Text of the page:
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the remains of his astounding palace today. Raja Dhiyan Singh became the prime minister of the court and died in 1843.
The balcony for public hearing is still intact in the hall
Pigeons and cats were the only form of life found thereThe existing part of the haveli was the court of Raja Dhiyan Singh while the other portions have been demolished. The balcony for public hearing is still intact in the hall. The small ventilation openings in the floor endorse the presence of a basement. The main door leading to the basement now is covered with cobwebs and the staircase is sealed.
According to the guard he had seen the basement in his childhood. It was huge and used as a private chamber by the Raja. The haveli must have been a masterpiece embellished with ornaments and fresco work as per Sikh architecture. The remains of fresco work are still there in the haveli. It was a two storey building and at present the upper storey is being used as a residential part by the locals.
The construction of the building goes back to the Mughal era. The arches and features of the building reflect a mix of Mughal and Sikh architecture. The lotus flower petals on the pillars of the main hall and the jharoka, or balcony, made for public hearing, resemble the architecture of Lahore Fort and other buildings of that era.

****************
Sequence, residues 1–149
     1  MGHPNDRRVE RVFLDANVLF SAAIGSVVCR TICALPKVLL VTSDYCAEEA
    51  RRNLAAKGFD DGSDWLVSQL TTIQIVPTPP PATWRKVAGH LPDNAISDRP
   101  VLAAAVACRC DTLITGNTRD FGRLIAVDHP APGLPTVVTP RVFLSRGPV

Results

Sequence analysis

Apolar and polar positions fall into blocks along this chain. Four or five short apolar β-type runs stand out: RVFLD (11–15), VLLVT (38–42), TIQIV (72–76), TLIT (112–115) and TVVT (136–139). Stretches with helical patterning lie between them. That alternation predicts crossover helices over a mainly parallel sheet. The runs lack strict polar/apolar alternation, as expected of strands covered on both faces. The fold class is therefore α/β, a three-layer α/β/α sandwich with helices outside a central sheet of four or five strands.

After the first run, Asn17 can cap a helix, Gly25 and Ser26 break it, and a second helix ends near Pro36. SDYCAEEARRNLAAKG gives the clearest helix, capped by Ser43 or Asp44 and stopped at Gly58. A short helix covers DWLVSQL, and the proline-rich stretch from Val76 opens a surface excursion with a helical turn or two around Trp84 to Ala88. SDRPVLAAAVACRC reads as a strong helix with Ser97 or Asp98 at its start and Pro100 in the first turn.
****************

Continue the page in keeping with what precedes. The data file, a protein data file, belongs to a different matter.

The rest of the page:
The door leading to the basement now is covered with cobwebs
It was larger than the haveli of Jamadar Khushal SinghAfter the fall of Sikh rule the palace was turned it into a school by the British, in 1854. Ten years later in 1864 it became the house of the Government College and Oriental College Lahore. As per history of Government College, it was to be opened up in 1856, but the tough criteria of foreign qualified teachers delayed it till 1864. After a few years in 1871, the Government College was moved near Anarkali.
After the shifting of the colleges, the premises were used as Dhiyan Singh School which after 1947 was named as City Muslim League High School. Till 2004 the haveli was used as a boys’ school, but following a fire incident, the building was damaged and the school was shifted.
The arches and features of the building reflect a mix of Mughal and Sikh architecture
This is one sad story of our heritage. Not many of us know this place or the fact that Government College starting from this haveli. It should be turned into a tourist site by the concerned department, in order to save it from further deterioration. At present the haveli is under the possession of the Education Department of Punjab and some land has already been shared with the Government of Jammu Kashmir.
Other nations respect their heritage and cherish the old remains. We forget and neglect what we have of our ancestors. I hope to see this Haveli in a better state when I visit it the next time.
The writer is a professional heritage photographer and can be reached at [email protected]